Next up was to rebuild the crossover.
  • FaustinFaustin Posts: 872
    I cut new mounting boards for the c/o's and decided due to cost, to go with Dayton 1% caps for them. Per some research and input from Dave (Westmassguy) I arranged the orientation of the inductors differently. I also replaced the internal wiring and installed new gold plated copper binding posts. Next decision was how and where to mount the c/o. I wanted it to be accessible and with the way the inductors were now mounted, if I put it on the top of the cabinet where it was before they would be in very close proximity to the 6 1/2 " driver magnets. Per the recommendations of several Polkies, they should be as far away from the magnets as possible. The location I chose was just below the tweeters on the front of the cabinet. I used hurricane nuts donated by Voltz (thanks again) and machine screws. Once that was installed I reattached the bottom of the cabinet with Power Grab and finish nails. I could now reach down to the bottom of the cabinet and screw the end cap back in place.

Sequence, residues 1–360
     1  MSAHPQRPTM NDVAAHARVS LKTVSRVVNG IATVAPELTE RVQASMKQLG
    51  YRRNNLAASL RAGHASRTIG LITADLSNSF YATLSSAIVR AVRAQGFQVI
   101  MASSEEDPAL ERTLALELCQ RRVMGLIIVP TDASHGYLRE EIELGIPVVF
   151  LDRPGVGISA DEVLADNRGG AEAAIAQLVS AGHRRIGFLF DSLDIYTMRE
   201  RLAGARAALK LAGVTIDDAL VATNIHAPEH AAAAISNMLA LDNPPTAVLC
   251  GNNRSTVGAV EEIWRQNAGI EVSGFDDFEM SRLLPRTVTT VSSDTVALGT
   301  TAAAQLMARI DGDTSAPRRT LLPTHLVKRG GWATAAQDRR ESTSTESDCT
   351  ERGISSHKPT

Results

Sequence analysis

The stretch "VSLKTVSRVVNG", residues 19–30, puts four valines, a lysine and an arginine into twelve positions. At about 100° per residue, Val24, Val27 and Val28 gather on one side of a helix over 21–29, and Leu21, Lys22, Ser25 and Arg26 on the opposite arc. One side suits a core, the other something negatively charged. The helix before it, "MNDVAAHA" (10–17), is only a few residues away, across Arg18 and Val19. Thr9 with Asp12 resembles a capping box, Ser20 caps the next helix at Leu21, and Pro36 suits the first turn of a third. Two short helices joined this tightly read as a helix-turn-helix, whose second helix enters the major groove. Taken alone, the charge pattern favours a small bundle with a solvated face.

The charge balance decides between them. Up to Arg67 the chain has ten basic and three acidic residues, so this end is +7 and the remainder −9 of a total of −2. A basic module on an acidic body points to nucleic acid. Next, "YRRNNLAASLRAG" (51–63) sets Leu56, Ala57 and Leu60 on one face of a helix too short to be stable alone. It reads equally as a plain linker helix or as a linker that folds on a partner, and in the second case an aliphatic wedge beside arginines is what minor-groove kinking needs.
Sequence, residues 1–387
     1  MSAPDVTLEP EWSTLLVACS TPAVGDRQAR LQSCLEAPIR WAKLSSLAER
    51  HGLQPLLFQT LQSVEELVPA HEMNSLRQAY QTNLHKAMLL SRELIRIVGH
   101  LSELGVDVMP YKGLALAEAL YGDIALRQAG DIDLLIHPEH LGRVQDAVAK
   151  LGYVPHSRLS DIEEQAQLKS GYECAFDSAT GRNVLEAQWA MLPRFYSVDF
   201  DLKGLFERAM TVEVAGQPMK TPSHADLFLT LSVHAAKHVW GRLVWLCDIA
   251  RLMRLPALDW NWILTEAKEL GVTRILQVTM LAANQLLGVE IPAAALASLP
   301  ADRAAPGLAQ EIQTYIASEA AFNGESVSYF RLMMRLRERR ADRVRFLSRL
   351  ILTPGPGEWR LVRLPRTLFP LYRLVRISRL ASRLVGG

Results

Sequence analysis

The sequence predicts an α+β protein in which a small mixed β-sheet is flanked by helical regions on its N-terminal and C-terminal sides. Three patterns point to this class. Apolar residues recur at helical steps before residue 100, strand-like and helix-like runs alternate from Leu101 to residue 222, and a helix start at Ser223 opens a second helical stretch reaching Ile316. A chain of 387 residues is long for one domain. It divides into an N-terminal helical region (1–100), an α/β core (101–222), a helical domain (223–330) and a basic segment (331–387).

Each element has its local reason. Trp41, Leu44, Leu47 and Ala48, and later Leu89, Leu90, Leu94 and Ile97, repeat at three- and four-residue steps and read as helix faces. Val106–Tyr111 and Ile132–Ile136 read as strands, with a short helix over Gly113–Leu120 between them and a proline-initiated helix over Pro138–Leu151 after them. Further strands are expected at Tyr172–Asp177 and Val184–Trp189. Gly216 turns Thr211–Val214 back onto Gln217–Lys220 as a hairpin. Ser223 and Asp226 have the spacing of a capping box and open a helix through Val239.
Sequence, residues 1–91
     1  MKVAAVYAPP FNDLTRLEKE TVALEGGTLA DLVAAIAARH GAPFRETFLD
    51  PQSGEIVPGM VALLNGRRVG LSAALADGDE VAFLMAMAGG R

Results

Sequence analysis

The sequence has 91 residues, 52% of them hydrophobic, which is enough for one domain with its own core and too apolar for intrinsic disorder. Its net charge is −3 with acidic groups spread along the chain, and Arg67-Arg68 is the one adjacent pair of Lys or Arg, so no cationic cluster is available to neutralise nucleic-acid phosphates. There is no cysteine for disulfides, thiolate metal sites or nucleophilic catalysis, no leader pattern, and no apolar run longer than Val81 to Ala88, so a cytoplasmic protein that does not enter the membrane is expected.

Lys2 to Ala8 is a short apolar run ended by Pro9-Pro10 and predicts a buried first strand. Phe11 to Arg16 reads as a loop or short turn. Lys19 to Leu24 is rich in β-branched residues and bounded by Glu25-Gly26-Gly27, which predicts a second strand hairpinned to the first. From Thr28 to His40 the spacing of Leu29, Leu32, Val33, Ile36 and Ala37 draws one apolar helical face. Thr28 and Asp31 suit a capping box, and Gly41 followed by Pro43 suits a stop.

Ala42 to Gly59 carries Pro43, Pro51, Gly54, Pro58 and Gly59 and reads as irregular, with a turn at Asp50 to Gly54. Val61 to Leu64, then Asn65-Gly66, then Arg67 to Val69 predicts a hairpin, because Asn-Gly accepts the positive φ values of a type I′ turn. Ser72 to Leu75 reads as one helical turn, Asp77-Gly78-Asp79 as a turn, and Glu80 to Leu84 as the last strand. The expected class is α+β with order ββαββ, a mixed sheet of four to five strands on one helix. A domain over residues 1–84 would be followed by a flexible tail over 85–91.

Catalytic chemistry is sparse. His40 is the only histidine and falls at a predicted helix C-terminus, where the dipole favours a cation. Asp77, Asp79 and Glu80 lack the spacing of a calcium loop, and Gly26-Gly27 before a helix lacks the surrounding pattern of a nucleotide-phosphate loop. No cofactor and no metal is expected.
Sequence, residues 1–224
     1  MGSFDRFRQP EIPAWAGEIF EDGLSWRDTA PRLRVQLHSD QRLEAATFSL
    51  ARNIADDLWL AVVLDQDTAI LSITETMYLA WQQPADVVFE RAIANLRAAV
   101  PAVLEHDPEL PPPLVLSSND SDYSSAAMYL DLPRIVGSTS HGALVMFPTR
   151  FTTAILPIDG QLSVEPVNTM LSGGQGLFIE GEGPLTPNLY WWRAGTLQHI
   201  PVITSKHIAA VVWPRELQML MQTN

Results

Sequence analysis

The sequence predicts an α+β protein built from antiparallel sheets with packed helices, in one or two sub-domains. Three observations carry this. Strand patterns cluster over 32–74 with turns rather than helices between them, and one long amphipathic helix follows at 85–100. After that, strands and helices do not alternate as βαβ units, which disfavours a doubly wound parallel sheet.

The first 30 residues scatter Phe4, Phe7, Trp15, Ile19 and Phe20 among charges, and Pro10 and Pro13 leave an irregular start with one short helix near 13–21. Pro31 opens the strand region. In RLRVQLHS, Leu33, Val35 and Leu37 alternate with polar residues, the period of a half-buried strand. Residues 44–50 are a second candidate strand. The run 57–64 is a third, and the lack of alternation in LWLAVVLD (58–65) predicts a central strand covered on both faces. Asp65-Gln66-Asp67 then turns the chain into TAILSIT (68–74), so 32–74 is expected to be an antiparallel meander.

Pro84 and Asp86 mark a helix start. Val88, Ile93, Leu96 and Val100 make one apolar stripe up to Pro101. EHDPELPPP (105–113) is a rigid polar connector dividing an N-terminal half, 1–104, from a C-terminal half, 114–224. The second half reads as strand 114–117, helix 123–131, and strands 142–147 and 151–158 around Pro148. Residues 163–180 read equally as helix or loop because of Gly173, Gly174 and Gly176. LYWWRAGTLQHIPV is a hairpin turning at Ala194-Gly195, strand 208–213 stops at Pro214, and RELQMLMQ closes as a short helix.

Next up, getting the top back together and re-installing the drivers.
  • Mike ReeterMike Reeter Posts: 3,435
    A VERY ambitious project, good work!!!
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  • pitdogg2pitdogg2 Posts: 13,303
    Very nice work. Labor of love and it shows
  • mhardy6647mhardy6647 Posts: 21,559
    Wow. Just wow.
  • ThomasDThomasD Posts: 251
    Great Project. I was just looking at a CL ad for a pair of DCM TimeFrame speaks. Was trying to find out some information on them. Certainly a very unique looking series of speakers. Were you able to find the specs for these speakers?
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  • mhardy6647mhardy6647 Posts: 21,559